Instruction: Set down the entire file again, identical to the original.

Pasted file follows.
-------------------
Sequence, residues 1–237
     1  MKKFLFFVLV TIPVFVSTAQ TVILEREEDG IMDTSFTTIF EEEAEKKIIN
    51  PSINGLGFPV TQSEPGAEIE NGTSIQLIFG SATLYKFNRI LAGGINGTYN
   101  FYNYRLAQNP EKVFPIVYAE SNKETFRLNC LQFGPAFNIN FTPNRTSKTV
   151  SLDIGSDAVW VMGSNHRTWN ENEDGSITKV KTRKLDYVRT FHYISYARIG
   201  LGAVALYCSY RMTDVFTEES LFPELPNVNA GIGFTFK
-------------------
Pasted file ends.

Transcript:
Sequence, residues 1–237
     1  MKKFLFFVLV TIPVFVSTAQ TVILEREEDG IMDTSFTTIF EEEAEKKIIN
    51  PSINGLGFPV TQSEPGAEIE NGTSIQLIFG SATLYKFNRI LAGGINGTYN
   101  FYNYRLAQNP EKVFPIVYAE SNKETFRLNC LQFGPAFNIN FTPNRTSKTV
   151  SLDIGSDAVW VMGSNHRTWN ENEDGSITKV KTRKLDYVRT FHYISYARIG
   201  LGAVALYCSY RMTDVFTEES LFPELPNVNA GIGFTFK